The Securities and Exchange Commission's (SEC) new cybersecurity rules create concern among CISOs and security experts about what will ultimately constitute a material cyber incident.
Risk Management

CISOs Play a Critical Role in Compliance with New SEC Cybersecurity Disclosure Rules

George V. Hulme
Aug 1, 2023

Last week, the U.S. Securities and Exchange Commission voted in favor of mandates requiring publicly traded companies to report cyberattacks that pose a “material impact” to the business. 

The new set of SEC cybersecurity rules broadly requires public companies to disclose material cybersecurity incidents, historically defined as items that investors would want to know to make informed investment decisions. They also require companies to provide periodic reports on cybersecurity management practices, such as risk management, security strategy, and governance efforts.

The rules create concern among CISOs and security experts about what will ultimately constitute cyber incident materiality, the four-day timeline requirement for material disclosures, and whether companies will be asked to reveal so many details to potentially aid adversaries. 

The experts we spoke with agree that the new rules show a shift among regulators from a focus on data breach disclosure to a more comprehensive view of digital risk. “To date, the attention has been focused on reporting data breaches with personally identifiable information, and the new SEC rule makes it clear that is woefully inadequate,” says Mark Rasch, Of Counsel, Kohrman, Jackson, & Krantz LLP. 

While the new rules amplify the level of responsibility companies have when it comes to transparency with cyber-related incidents, the rules aren’t an entirely new burden on public companies. They are likely to confuse some in the beginning. 

New Rules, New Challenges

Caleb Sima, former CISO at Robinhood Financial, says the rule will place new burdens on the CISO office. “There will be some challenges, including what a company has to disclose and in what timeframe. These are the two points security professionals are expressing the most concern about,” he says. “Still, overall, I think the new rule is quite fair.”

Based on his experience responding to real-world incidents, Sima says that companies will likely realize an incident is material long before they understand the full extent of its materiality. “Once you determine whether something is material or not, that doesn't mean that you’re finished with figuring out what's fully going on and how material the incident will turn out to be. You may have uncovered that 1GB of data has been stolen, but what if they ultimately stole 50GB or 100GB of data, and your investigation has yet to uncover that? When these things happen, you and your team and others in the company are heads down doing everything they can to manage the situation, and four days is not much time,” he says. “You absolutely do not want to keep having to change your story as you uncover more information about the incident,” he adds.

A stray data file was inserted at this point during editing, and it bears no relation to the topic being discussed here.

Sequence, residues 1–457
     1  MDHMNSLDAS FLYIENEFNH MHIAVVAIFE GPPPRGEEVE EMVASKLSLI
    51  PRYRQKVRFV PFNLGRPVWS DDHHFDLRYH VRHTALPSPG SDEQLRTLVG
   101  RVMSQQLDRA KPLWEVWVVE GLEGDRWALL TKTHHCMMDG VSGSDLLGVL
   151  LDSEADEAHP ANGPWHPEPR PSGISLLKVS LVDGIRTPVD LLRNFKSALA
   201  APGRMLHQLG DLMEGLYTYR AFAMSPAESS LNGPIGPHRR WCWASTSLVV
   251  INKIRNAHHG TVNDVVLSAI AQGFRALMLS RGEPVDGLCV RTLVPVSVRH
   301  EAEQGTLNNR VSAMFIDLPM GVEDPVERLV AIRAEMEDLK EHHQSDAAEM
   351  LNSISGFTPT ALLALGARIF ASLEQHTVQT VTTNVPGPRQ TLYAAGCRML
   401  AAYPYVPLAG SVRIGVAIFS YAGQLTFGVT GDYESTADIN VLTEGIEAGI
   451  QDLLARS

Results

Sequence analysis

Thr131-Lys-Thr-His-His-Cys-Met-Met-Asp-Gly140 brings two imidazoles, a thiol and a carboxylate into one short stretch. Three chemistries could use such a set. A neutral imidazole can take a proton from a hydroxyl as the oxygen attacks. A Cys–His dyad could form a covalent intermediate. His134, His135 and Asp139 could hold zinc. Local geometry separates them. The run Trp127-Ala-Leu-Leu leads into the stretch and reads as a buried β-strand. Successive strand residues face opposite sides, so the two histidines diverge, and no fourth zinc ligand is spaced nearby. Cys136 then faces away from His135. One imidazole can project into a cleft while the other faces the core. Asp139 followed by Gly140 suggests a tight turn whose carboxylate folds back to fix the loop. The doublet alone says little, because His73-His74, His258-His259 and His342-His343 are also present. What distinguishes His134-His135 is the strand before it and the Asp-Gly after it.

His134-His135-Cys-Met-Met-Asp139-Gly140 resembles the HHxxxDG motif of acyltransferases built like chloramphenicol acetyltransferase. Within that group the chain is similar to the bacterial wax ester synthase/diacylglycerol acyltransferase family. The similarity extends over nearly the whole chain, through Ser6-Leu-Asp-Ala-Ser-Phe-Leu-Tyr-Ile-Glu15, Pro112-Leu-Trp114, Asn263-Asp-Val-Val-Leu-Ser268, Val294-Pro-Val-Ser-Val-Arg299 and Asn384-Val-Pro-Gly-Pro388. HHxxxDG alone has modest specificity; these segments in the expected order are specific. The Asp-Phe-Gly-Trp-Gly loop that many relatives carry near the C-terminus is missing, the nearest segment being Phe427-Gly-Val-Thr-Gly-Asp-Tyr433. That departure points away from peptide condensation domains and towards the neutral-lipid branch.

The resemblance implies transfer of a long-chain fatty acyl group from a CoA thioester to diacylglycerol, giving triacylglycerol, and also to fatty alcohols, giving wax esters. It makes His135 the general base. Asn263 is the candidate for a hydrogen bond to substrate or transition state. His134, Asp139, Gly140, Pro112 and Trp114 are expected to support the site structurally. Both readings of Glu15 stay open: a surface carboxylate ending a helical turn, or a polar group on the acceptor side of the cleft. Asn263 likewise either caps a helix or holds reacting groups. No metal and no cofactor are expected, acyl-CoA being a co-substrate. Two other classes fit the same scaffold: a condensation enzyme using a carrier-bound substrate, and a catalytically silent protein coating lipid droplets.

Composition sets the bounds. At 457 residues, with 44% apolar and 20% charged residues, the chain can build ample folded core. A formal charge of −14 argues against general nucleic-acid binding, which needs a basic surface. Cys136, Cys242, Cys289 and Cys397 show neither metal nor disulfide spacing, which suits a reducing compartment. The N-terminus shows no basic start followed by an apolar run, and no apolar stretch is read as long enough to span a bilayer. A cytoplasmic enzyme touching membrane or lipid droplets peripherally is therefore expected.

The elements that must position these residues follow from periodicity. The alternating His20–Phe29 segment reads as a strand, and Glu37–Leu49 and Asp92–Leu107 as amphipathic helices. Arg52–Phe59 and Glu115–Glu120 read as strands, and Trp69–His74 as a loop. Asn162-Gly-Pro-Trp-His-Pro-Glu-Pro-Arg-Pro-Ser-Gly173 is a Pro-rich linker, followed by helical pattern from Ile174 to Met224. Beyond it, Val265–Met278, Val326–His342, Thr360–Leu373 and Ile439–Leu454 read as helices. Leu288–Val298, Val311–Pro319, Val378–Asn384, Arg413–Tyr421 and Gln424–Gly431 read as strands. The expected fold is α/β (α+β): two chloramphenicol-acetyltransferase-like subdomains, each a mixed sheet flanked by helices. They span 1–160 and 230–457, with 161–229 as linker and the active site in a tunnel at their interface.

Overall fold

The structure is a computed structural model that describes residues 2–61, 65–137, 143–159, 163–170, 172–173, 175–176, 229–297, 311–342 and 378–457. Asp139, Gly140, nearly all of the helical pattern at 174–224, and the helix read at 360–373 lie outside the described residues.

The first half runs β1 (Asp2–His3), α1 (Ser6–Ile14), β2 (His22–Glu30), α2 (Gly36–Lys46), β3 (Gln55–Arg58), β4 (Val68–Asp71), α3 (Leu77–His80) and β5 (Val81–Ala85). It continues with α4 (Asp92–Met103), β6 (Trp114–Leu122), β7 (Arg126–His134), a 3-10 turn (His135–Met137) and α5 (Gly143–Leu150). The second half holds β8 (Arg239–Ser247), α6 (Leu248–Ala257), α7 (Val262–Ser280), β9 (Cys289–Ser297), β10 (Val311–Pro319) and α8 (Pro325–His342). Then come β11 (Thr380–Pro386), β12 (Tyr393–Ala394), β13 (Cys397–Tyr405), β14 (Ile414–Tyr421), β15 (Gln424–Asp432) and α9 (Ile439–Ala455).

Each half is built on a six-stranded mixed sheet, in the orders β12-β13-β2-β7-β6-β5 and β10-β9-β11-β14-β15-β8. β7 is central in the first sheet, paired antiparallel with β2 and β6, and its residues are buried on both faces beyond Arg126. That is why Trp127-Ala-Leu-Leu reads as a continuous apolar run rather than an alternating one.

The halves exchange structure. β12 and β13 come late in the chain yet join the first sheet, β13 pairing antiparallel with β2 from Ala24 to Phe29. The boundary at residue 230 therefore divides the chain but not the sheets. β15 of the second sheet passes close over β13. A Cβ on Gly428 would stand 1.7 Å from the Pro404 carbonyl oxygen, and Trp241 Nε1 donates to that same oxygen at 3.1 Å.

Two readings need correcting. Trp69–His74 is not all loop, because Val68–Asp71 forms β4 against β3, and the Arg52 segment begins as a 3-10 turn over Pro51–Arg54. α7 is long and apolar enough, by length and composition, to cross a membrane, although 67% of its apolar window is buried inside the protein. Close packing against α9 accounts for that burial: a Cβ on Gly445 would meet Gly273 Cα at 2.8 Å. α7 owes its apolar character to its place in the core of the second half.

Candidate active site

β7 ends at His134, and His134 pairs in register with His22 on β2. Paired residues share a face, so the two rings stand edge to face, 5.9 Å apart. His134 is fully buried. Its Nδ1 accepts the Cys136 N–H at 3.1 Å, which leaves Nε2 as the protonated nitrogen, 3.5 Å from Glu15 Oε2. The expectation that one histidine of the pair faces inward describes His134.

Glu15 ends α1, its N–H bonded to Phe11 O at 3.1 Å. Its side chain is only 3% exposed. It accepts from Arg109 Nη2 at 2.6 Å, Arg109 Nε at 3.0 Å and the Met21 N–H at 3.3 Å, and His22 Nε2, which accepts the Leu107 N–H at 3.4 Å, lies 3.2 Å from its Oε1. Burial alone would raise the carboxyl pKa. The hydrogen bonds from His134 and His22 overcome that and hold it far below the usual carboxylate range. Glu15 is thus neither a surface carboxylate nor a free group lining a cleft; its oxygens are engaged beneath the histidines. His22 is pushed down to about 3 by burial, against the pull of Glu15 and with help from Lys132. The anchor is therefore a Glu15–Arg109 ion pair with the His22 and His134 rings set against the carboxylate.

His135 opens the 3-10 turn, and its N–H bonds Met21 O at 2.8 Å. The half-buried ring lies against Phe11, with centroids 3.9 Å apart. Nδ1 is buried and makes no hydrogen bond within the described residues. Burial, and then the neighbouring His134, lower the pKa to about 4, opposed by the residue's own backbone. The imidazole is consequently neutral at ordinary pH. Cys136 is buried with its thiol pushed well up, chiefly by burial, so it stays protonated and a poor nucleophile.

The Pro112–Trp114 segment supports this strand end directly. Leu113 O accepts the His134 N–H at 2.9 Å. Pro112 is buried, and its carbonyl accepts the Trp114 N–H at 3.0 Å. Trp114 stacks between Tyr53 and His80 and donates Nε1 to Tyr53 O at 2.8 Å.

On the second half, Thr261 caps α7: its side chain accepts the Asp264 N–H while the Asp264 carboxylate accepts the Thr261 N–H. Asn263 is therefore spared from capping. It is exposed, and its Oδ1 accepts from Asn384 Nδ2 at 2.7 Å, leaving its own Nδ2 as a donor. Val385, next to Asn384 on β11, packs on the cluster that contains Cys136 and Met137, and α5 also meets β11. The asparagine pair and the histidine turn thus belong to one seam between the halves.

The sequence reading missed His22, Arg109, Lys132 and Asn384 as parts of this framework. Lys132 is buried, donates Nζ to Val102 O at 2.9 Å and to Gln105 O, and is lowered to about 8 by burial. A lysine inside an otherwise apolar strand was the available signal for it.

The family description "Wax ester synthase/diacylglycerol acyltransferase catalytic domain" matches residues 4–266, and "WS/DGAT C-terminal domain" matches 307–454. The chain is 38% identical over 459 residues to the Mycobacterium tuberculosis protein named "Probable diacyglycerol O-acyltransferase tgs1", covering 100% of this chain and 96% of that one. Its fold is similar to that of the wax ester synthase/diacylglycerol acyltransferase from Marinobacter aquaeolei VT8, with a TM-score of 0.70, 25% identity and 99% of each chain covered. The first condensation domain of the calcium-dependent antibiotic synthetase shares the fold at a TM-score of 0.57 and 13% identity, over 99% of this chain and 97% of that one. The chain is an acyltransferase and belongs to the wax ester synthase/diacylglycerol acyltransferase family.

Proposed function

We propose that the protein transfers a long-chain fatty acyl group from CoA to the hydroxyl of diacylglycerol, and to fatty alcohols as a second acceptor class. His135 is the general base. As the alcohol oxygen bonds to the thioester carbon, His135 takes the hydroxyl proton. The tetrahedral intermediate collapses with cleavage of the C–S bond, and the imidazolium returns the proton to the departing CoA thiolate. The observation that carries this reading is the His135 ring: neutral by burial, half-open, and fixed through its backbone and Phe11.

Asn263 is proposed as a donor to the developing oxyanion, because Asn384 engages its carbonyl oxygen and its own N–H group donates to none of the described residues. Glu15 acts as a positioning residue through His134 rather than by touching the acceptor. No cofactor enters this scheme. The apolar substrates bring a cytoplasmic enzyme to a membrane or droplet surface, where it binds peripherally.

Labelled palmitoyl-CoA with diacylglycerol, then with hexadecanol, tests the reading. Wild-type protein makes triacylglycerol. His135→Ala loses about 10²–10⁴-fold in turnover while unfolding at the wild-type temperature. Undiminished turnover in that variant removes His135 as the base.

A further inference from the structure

The tight timeline can also create challenges during ongoing incidents, such as ransomware attacks. “When you're in the middle of negotiations with the threat actor, your job is gaining trust to extract as much information as you can from this person. And if the incident goes public during these negotiations, it can cause these threat actors to pull back [from negotiations] or dump data online. It’s not a great situation,” Sima explains.

Timelines aside, public companies have always been required to reveal conditions that could potentially impact the business, and these new rules formalize the process for cybersecurity-related incidents. “Publicly traded companies have always been required to share their material risks to their business to shareholders, and whether that’s the possibility of a worker strike or an earthquake that affects distribution, or an ongoing distributed denial-of-service attack, it’s always been something that has to be disclosed if it could affect investors’ decision as to invest or not,” explains Rasch.